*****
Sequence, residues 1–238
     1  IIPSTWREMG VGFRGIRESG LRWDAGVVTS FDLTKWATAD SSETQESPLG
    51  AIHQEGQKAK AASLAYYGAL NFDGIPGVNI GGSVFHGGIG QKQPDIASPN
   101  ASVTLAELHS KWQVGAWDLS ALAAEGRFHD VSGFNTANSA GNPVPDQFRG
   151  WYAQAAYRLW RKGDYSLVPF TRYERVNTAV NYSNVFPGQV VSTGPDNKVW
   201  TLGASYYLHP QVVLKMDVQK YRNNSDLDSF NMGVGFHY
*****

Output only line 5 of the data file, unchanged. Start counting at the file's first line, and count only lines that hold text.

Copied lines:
   151  WYAQAAYRLW RKGDYSLVPF TRYERVNTAV NYSNVFPGQV VSTGPDNKVW